Christmas at the Beach event in dire straits as funding pull

This summer’s Orewa Christmas at the Beach event is in serious jeopardy after the local board turned it down for funding in its latest Grants Round last month.

Gary Brown’s company Stage 51, which has run the event for 10 years, applied to the Hibiscus & Bays Local Board’s recent funding round for $9200 towards sound production costs but was given nothing.

The reason given for declining the application was “insufficient accountability for the previous event”.
Mr Brown says this will make holding the event difficult, as some previous sponsors have also pulled out. He says he was hoping to raise funds for the Hibiscus Coast Youth Centre this year.

One grant that caused controversy was the $4000 given to the NZ Health Association towards the hiring of temporary fences for this summer’s Weetbix TRYathlon. Local board member Mike Williamson registered his objection to this grant, describing it as “subsidising Sanitarium”. The event is put on by Sanitarium, which is owned by the Seventh Day Adventist church. Profits from the business go back to the church – which does not pay income tax, as churches are exempt from this under NZ law.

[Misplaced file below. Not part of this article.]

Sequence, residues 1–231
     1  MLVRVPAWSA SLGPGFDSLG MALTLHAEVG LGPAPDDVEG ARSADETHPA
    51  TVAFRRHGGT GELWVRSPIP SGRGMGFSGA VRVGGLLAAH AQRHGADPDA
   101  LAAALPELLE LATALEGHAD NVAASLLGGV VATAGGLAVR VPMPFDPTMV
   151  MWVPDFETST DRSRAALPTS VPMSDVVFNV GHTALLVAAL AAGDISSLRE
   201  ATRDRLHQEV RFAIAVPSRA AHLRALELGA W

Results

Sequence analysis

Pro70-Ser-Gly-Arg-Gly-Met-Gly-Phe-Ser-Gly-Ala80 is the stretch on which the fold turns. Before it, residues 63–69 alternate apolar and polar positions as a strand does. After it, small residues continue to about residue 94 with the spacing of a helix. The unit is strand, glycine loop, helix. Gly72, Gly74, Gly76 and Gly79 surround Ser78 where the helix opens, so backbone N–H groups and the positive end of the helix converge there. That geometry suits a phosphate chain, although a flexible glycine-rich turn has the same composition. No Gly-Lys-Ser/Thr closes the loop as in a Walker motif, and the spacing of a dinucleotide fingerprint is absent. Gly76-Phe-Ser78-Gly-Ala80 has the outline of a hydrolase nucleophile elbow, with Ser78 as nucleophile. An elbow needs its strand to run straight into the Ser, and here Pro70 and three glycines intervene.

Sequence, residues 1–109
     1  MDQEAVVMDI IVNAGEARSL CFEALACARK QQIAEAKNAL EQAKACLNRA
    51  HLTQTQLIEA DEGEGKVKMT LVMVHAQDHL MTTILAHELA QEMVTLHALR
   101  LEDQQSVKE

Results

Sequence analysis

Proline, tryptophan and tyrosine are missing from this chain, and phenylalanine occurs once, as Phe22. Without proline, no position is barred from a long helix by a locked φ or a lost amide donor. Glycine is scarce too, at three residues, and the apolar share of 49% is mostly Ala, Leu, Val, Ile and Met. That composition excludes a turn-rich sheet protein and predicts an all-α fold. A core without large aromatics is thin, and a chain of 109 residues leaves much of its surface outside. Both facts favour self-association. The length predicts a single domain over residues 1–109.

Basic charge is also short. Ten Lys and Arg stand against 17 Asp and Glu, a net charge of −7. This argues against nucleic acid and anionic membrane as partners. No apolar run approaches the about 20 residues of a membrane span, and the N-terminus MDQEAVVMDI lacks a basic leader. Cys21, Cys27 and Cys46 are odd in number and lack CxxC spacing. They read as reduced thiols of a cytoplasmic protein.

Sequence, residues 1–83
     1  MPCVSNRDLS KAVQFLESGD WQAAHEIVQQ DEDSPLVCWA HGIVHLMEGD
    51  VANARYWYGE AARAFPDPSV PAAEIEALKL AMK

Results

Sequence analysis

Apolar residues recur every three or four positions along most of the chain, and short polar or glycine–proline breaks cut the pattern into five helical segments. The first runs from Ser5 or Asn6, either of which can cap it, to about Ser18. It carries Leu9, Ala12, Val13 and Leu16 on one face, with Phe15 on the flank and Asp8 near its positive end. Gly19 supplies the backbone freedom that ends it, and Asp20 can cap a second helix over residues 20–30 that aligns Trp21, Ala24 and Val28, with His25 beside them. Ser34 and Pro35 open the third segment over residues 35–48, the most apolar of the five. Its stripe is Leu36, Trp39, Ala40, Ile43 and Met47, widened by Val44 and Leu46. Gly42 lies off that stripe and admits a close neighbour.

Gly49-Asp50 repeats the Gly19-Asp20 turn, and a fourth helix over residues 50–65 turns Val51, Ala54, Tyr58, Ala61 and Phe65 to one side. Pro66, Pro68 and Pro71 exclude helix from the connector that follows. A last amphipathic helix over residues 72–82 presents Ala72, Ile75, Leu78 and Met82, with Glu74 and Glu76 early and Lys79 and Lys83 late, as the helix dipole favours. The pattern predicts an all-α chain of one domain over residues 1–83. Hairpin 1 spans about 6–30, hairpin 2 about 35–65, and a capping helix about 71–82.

Mr Williamson said that the company can well afford its own fence hire, rather than asking for support from ratepayers and member Vicki Watson agreed. However, the grant was approved as the majority of members felt that the advantages of having the event run in Manly, so that local families do not have to travel far to attend, and the number of participants involved, made the application acceptable.

There were several large grants handed out to local organisations. One of these is Orewa Surf Lifesaving Club, which received $10,000. The club applied for $50,000 towards the costs of implementing a fundraising campaign for its building redevelopment project. Ten thousand dollars also went to the Silverdale Area Business Association towards the wages of “a transitional marketing manager and start-up costs to reinvigorate Silverdale market”, and to the Youth In Transition Charitable Trust.

The Hibiscus Coast Community RSA got $8000 to help deliver its welfare services, Love Soup Hibiscus Coast received $7000 and the Sustainable North Trust received $9000 towards four projects that will promote and enhance zero waste practices.


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